When the laminate layer on furniture dries out, usually on antiques, the glue that holds the laminate can lose adhesion. The laminate will lift, creating a bulge, or come completely loose from one end and peel back. This might be the only damage to a dresser that you wish to keep using, or a dresser that you want to refurbish. Laminate can be glued back down. It's not complicated. Just use some glue, masking tape and a few weights.
Tip the dresser on one side if necessary so that the peeling side is facing up. Slip the end of a putty knife under any loose pieces of laminate. Lift up the laminate gently with one hand without breaking it off. There will be dried glue on the wood under the laminate. It is a light-crusty substance. Scrape it off with the end of the putty knife until you can see bare wood. Scrape all of the peeled area.
Mix the powdered resin glue with water according to manufacturer's directions. Using a 1/2-inch brush, apply the glue to the bare wood under each peeled piece of laminate. Apply enough glue to thoroughly wet the wood. Wait 30 minutes or until the glue becomes sticky.
Press the laminate down into the glue with your fingers. Press hard enough to make it stick to the glue. If the laminate cracks with the grain, that's OK. When each section is pressed down, use masking tape to secure it by stretching and pressing the masking tape down over the glued laminate.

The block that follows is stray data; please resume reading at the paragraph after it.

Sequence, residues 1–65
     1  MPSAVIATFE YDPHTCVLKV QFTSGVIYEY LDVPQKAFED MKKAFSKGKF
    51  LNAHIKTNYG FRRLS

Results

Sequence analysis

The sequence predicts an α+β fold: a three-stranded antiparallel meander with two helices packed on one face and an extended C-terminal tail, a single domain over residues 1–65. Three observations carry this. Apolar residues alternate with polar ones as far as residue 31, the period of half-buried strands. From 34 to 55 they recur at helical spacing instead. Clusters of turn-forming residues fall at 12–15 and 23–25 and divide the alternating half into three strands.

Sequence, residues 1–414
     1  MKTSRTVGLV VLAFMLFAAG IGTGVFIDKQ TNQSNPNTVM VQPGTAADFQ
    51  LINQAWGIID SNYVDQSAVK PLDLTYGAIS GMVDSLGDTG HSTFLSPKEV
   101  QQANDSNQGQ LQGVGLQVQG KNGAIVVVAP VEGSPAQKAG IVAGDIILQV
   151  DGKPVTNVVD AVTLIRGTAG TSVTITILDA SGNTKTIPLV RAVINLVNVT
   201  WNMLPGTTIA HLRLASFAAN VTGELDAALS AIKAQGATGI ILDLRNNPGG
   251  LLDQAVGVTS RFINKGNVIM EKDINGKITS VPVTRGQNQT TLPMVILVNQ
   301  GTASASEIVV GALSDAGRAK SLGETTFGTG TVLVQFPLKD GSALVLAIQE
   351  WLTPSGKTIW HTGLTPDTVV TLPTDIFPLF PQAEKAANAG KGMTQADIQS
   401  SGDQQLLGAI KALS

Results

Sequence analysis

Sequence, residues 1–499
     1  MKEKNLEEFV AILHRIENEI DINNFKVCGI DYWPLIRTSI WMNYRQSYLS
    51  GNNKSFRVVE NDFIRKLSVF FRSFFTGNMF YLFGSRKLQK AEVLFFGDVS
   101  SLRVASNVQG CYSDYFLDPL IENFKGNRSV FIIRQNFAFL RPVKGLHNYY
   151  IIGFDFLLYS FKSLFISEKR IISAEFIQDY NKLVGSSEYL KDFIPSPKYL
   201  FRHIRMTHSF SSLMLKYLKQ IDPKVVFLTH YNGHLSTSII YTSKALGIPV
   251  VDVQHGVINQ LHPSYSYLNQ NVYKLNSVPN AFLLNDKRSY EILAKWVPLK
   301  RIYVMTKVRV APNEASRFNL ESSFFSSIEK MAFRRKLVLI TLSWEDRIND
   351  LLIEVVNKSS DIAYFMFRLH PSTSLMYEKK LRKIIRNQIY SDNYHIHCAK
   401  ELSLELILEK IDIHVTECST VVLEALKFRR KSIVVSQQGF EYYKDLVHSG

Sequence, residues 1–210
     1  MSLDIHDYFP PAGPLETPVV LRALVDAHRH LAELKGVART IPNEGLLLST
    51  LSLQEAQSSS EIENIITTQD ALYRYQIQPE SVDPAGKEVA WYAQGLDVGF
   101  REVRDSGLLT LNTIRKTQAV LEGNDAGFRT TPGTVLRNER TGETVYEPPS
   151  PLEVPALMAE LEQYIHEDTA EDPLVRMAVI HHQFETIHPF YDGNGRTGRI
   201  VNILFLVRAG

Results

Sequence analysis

Place thin plastic down on top of the dresser, over the tape. Place individual blocks of wood over the taped areas to provide the pressure points to the glued areas. Place heavy objects on top of the blocks. Use anything you can find to provide as much weight to the blocks as possible. Wait 24 hours for the glue to dry.
Remove the weights, blocks, plastic and tape. Lightly sand the surface of the dresser until smooth with 100-grit sandpaper attached to a hand block or with an oscillating tool fitted with a sanding accessory.
Apply a coat of penetrating oil stain to the dresser with a soft cloth after repairing both sides, the top and the drawer fronts in the same manner. Let the oil sink in for one hour and then apply another coat.
Spray the dresser with one coat of lacquer. Wait 30 minutes and sand the dresser by hand with 120-grit sandpaper. Spray one more coat to finish.
Tips & Warnings
- Resin glue comes in different colors. Use one that will match the color of stain you wish to use.
- Always wear breathing and eye protection when working with wood or wood finishing products.
Things You'll Need:
- Putty knife
- Powdered resin glue
- Masking tape
- Plastic sheeting
- Wood blocks 3/4 inch thick, random sizes
- 100-grit sandpaper
- Hand block
- Handheld oscillating tool with sanding accessory
- Oil stain
- Aerosol lacquer
- 120-grit sandpaper
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